For a record that states its intentions so boldly, the mix is a little on the tame side. The "full-frontal bass" (delivered by the remarkably vertical "Horizontal Smith") is just that, but the rhythm guitar really could’ve been brought to the fore. For the most part it’s all in the pocket, almost to the point of understatement - it’s not until the final bars that things start to get savage (unless of course you factor in the couplet that begins the first verse, which goes straight to the pantheon of sexist opening salvos). But in the end, the production shortcomings are overshadowed by the sheer meanness of the song. A tough guitar riff pinned down by a one note bassline is a defining element of '70s Oz hard rock, and this example holds its own against the best of them.
Equally, there's an Oz punk 'n' roll tradition of guitarists appropriating pop culture/TV themes as guitar solos (see Radio Birdman, Celibate Rifles). Here, axe-wanker Barrington riffs on Lawrence of Arabia, thereby lending the song its title. What this has to do with the musical culture wars depicted on the sleeve is anyone's guess.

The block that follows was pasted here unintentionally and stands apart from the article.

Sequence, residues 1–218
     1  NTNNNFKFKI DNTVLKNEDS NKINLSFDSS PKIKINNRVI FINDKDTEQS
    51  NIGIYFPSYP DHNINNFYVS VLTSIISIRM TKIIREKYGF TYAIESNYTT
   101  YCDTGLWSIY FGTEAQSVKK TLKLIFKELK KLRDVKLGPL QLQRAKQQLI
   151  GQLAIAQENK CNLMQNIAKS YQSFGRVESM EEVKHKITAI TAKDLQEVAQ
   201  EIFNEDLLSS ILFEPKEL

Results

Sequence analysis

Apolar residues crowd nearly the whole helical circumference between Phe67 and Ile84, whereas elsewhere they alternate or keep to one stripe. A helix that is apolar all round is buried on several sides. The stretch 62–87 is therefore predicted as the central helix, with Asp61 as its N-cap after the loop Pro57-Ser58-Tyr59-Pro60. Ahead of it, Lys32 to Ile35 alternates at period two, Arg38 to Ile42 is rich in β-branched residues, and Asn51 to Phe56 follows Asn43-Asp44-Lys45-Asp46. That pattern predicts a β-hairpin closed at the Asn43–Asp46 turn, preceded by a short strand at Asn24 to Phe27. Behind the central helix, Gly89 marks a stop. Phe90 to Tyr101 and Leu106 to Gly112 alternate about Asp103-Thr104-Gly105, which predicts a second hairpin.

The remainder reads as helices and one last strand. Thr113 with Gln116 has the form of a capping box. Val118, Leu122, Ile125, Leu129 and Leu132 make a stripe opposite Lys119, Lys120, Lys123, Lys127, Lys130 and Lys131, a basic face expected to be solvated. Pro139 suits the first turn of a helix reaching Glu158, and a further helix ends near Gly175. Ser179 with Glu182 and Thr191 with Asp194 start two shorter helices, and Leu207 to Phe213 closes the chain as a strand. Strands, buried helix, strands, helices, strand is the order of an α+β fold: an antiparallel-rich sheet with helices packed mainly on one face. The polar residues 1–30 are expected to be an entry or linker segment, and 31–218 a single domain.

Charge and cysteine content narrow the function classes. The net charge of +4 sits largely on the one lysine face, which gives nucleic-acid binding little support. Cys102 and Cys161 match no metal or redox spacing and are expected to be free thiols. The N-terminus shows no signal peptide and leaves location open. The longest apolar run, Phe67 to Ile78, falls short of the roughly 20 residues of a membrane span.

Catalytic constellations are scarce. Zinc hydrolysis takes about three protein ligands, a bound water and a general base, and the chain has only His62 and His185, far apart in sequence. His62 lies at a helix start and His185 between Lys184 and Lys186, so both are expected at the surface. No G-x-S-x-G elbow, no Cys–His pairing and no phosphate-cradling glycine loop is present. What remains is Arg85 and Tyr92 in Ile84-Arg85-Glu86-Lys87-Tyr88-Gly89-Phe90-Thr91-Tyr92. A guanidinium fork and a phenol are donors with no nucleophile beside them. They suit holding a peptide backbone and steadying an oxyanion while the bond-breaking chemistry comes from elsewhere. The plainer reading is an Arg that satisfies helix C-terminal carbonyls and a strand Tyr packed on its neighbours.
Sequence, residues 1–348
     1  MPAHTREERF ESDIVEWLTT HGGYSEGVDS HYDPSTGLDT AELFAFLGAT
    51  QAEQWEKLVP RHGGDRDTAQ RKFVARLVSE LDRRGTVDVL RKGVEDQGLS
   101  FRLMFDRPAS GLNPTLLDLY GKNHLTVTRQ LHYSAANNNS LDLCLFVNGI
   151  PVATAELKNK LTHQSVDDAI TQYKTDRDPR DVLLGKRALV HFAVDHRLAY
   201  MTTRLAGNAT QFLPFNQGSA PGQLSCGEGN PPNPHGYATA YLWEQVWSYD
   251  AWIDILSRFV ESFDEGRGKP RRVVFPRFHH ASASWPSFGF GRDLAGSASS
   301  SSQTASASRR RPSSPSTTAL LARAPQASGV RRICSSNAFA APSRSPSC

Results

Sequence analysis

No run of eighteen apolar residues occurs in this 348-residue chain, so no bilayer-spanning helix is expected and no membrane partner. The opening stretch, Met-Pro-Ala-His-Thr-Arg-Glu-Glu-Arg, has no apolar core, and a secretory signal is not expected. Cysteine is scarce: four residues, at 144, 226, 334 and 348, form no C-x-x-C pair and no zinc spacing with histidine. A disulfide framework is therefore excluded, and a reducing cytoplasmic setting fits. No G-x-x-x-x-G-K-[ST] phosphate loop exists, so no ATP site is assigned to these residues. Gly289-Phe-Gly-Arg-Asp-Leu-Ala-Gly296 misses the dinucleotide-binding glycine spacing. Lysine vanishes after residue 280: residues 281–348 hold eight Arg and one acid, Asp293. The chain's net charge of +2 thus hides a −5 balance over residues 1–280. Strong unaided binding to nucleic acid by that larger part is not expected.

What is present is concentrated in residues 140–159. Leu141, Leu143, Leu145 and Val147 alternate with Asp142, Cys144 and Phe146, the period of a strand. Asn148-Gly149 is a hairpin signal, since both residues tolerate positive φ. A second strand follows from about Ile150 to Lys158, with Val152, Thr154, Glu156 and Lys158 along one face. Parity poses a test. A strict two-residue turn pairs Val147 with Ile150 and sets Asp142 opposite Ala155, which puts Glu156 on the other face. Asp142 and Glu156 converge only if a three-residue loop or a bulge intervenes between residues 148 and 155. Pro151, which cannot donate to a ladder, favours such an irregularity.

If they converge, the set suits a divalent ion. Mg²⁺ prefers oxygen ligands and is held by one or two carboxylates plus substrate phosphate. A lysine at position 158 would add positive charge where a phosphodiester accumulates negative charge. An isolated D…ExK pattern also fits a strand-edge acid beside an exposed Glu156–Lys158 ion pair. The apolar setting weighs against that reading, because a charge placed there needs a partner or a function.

There are at least three other singles on the Phoenix label, each worth hearing for the adventurous of spirit and/or low of standards. Variously, they are: shambolic, Raincoats-like all gal pop with shaky English and even shakier musicianship; oddball hard rock with mild overtones of Chrome circa Blood On The Moon (actually a reissue of The Flush 7” sans sleeve); and punky powerpop in the style of early Scientists. The likelihood that any of those reference points were intentional? Minimal.
Burning Sands Of Bondi
|Is our man Barrington he of the post-Kuepper Saints?|
Update 18 June 2011
Thanks for the comment Steve. Here's the Youtube video Steve mentions which has a more balls-out version of Burning Sands Of Bondi (with guitar up front, where it belongs), over some great rehearsal room photos. Not quite the Dunedin Sound.